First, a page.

Although the UAE and Saudi Arabia are aligned on many regional issues, the UAE is looking for new allies amid growing regional rivalry with Saudi Arabia. Riyadh wants to overtake Abu Dhabi as the trading hub of the Persian Gulf, while the UAE is challenging Saudi Arabia’s true leadership in the region. Turkey remains an important power in the Persian Gulf, despite tensions after Arab Spring with its neighbors, especially given its close alliance and military base in Qatar and security cooperation with Kuwait. For those reasons, Ankara has become an attractive potential partner for Abu Dhabi, as Abu Dhabi seeks to create an alternative axis. Those efforts for normalization is taking place in view of the consequences of the US military withdrawal from the region, which can be seen in Turkey’s recent diplomatic actions with regard to the Zionist regime.

Because from Turkey’s point of view, the growing focus on hard power to achieve its foreign policy objectives has isolated the country since the Arab Spring, and the UAE has close relations with Turkey’s close neighbors such as Greece and the Republic of Cyprus, Egypt and the Zionist regime, proximity to Abu Dhabi could be the first step towards normalization with its neighbors, especially in the Eastern Mediterranean Gas Forum, which includes Egypt, Cyprus, Greece, the Zionist regime, Italy and Jordan.

Another point is that Qatar is Turkey’s closest Arab ally. Since the end of the Saudi-led siege of Doha in early 2021, Qatar has been normalizing relations with the Persian Gulf countries, especially Turkey’s main regional rival, Saudi Arabia. Despite Turkey’s ideological and security alignment with Qatar, Turkey has a key interest in expanding its ties in the Persian Gulf, which is visible in Erdogan’s visit to Saudi Arabia after years of strained relations with the assassination of prominent Saudi journalist Jamal Khashoggi at the Saudi consulate in Istanbul in 2018.

The deteriorating economic situation in Turkey may also have been a factor in changing Turkey’s approach to the Arab countries of the Persian Gulf. Given that the Turkish lira is experiencing its sharpest devaluation this year since Erdogan’s Justice and Development Party came to power in 2002, such proximity could be an attempt to maintain and strengthen capital inflows into the Turkish economy. Turkey and the UAE signed 10 memorandum of understanding in which the UAE promised to invest 10 billion dollars in Turkey; the news which was welcomed by some but criticized by others as a cheap seizure of Turkish assets. Such normalization is certainly in the interest of the UAE, which wants to open a trade route to the Turkish port of Mersin through Iran, enter the Turkish market for economic diversification, and improve its financial capacity through agreements with the Central Bank and Istanbul Stock Exchange.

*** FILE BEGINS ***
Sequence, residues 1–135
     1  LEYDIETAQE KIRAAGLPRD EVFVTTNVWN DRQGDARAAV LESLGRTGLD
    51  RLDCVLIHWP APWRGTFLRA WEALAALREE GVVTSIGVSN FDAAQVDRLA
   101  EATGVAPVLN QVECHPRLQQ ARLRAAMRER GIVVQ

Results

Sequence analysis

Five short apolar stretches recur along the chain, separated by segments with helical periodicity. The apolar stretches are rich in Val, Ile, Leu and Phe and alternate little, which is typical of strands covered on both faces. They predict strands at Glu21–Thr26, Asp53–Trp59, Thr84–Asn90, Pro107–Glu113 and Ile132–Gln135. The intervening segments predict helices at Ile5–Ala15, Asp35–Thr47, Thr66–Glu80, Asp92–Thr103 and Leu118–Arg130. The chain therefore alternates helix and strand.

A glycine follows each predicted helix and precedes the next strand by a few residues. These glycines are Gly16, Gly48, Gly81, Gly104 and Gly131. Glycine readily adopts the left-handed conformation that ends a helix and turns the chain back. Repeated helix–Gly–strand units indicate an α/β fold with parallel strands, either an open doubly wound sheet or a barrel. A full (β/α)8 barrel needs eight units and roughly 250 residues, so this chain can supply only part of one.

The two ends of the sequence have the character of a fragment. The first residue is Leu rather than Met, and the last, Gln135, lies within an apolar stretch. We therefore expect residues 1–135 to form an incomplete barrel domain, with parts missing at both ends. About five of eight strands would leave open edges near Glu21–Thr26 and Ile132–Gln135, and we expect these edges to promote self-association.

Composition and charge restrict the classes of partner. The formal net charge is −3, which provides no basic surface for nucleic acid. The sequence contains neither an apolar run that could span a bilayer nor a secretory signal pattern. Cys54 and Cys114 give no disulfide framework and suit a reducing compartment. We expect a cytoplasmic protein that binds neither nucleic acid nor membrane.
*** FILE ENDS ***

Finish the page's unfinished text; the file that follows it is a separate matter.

Reciprocal steps

Since the beginning of the resumption talks, the two sides have made significant efforts to build trust, and Turkey has lifted the ban on WAM and Al-Ain News agencies. The United Arab Emirates has also taken retaliatory measures by lifting bans on Anatolia (Anadolu) and other pro-Turkish news agencies. In addition, media organizations in both countries that have close ties to their respective governments have changed their tone from criticism, accusation, and even defamation to cooperation and agreement.

The UAE also blocked internet access for, who had previously released videos claiming to have exposed the illegal transactions of Turkish officials and politicians, which had been seen by millions in Turkey. Interpol, now run by former UAE Interior Ministry Inspector General Ahmed Nasser al-Raisi, issued a red notice to arrest Packer two weeks before Erdogan’s visit.


Turkey and the UAE continue to compete in Libya, Syria and parts of Africa, which could pose challenges for their future bilateral relations. For example, the UAE supports General Khalifa Haftar, while Turkey supports the Tripoli-based National Unity Government, which is recognized by the United Nations. The UAE has also established ties with the government of Syrian President Bashar Assad, while Turkish forces continue to control parts of northern Syria. However, after the compromise, Turkey and the UAE may refuse to make direct accusations against each other and instead continue their relations in the same way that Turkey cooperates with Russia despite a number of differences.

In addition, the proximity of the UAE with Turkey is a diplomatic initiative that goes beyond bilateral relations. While this initiative is important for the balance of power within the Persian Gulf, it also has direct consequences for US policy, as both Turkey and the United Arab Emirates have played a significant role in regional affairs; therefore, normalization of relations between the two allies facilitates the calculations of the United States in the region, as it does not have to prefer one ally to another. Abu Dhabi and Ankara will have a greater role in the Middle East as the United States reduces its involvement in the region, and reviving their relations could lead to better cooperation. On the other hand, since the UAE and the Zionist regime recognize each other and are building an alliance, Turkey’s rapprochement with those two actors creates an opportunity for the United States, because all of those countries are partners of the United States.